Foot washing is found in the New Testament book of John. Before He is betrayed and crucified, Jesus ended his final meal with his disciples by pouring water into a basin and washing their feet. This was an important act in Jesus's time and setting: wearing sandals in a dusty climate meant that feet got very dirty while traveling from place to place. When he had finished, Jesus instructed his disciples to use Him as an example; in his absence, they should wash each other's feet because "no servant is greater than his master, nor is a messenger greater than the one who sent him" (John 13:16).
In theory, a "foot-washing Baptist" would describe a person who interpreted this act literally, performing acts of service with great humility to serve mankind. That's not how Mrs. Maudie uses the term, though. She tells Scout that some of the local Baptists did not find her gardening to be in accordance with their views. They believed that she enjoyed taking care of her flowers so much that it was sinful. According to their views, she should spend more of her time indoors reading her Bible and less time gardening. Miss Maudie continues by telling Scout that these "foot-washing" Baptists think that she (and Scout) are examples of walking sin because they are women. This is a reference to Genesis, when Eve is accounted as the source of original sin when she disobeyed God in the Garden of Eden.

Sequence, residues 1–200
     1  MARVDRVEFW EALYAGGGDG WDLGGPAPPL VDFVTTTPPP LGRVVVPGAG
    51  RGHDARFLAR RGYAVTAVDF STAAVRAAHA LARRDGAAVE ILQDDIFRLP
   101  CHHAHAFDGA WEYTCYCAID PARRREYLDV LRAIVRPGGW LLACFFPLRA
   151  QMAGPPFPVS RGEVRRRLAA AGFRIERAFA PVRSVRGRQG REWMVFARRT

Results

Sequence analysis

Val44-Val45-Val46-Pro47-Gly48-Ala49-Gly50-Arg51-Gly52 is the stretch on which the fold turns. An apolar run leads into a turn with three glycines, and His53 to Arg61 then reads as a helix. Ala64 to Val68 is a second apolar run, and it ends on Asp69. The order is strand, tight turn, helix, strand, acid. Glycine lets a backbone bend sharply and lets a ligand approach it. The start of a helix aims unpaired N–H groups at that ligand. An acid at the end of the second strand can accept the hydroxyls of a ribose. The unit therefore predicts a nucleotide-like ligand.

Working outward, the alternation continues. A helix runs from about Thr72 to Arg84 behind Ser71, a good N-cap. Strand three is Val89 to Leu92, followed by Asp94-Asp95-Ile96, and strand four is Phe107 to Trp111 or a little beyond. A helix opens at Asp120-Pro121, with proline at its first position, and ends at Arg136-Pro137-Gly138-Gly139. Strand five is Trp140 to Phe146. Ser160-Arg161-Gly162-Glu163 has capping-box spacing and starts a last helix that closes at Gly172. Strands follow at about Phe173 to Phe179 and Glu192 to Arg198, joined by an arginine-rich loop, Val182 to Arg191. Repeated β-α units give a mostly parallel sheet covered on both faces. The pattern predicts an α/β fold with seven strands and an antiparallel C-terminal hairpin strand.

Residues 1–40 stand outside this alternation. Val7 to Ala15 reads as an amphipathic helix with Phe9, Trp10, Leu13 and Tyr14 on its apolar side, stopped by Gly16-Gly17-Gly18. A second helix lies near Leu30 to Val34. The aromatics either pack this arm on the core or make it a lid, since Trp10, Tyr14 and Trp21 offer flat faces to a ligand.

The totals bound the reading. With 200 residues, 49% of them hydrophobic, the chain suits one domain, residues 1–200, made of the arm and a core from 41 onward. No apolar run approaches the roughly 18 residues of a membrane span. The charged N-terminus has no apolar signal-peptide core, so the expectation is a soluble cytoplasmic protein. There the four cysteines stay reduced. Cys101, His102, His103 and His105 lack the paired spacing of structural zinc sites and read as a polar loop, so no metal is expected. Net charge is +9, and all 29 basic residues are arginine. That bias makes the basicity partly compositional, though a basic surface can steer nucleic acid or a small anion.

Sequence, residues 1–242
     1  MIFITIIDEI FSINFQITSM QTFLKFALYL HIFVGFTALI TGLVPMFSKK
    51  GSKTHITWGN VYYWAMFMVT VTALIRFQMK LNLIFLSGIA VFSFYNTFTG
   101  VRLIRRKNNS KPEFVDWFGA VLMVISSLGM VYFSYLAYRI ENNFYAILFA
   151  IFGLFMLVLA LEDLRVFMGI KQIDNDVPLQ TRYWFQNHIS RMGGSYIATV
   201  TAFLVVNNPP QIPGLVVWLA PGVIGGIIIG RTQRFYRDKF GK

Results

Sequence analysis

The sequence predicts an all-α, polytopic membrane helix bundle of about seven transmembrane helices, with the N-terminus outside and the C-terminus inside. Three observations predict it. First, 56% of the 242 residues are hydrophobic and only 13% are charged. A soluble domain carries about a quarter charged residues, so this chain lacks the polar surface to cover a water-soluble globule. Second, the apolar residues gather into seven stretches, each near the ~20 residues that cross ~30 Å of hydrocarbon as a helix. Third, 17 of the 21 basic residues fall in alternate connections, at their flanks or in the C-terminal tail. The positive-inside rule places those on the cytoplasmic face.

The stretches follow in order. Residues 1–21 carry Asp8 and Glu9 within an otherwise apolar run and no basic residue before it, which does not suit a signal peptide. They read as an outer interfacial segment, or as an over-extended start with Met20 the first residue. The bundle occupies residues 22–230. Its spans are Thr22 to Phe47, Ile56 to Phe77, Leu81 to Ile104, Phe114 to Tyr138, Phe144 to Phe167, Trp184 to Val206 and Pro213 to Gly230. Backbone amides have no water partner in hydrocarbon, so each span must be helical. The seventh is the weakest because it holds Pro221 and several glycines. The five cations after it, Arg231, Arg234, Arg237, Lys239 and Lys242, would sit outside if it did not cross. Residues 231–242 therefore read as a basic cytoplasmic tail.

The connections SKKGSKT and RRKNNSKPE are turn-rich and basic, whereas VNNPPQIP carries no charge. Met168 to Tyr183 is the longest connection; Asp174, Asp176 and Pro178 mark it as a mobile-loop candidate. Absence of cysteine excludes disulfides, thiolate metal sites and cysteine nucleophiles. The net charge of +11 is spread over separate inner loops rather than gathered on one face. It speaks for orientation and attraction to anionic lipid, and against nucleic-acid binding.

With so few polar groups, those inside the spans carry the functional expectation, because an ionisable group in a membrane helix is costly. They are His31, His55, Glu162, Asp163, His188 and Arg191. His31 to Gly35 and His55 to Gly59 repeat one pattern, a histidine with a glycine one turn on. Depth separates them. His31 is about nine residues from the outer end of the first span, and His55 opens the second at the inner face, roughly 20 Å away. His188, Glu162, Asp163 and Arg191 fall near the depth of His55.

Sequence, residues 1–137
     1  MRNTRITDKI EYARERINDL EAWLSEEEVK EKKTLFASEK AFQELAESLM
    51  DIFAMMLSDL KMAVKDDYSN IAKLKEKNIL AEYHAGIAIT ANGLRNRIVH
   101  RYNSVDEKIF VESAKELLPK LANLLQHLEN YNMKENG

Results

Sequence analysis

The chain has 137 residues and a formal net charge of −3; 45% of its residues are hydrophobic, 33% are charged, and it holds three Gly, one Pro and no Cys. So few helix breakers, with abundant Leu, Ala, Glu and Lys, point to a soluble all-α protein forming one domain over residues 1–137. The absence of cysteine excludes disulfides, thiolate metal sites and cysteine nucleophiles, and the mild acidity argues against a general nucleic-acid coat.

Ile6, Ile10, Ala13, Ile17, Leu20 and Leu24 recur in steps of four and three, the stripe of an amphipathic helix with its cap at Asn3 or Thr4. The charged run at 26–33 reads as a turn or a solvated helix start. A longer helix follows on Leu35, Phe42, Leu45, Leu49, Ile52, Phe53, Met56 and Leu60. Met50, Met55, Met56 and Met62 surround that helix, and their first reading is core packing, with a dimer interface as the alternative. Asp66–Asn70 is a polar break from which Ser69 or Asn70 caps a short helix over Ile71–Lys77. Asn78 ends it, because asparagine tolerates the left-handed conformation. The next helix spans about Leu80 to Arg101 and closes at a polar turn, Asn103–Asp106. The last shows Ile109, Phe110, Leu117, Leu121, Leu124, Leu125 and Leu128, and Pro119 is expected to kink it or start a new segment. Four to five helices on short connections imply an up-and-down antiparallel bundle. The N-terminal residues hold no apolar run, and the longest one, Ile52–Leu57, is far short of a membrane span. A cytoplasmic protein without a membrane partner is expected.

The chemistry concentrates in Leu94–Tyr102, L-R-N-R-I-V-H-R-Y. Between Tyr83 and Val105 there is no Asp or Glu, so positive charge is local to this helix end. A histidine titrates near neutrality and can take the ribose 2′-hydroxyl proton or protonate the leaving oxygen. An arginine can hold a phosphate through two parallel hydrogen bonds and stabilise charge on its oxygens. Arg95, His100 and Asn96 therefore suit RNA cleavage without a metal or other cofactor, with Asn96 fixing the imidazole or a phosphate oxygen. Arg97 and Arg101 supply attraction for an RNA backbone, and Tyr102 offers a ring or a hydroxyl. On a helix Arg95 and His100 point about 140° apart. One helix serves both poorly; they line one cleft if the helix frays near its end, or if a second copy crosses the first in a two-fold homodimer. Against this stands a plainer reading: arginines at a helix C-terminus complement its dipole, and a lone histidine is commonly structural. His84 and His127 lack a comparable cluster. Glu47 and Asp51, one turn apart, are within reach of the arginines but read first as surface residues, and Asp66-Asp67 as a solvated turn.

"Foot-washers" are so caught up in following the "laws" of the Bible that they often miss the big picture: Christians, including Baptists, are called to love their neighbor as much as they love themselves. People like those who would condemn Miss Maudie for gardening believe themselves to be more "religious" because they adhere to a strict code of laws, but they miss the calling of Christ when they condemn those around them. Just as Christ served his disciples with a humble spirit, Christians should love others and serve them with a genuine spirit, not one of condemnation. This is the point Mrs. Maudie is trying to impress upon Scout.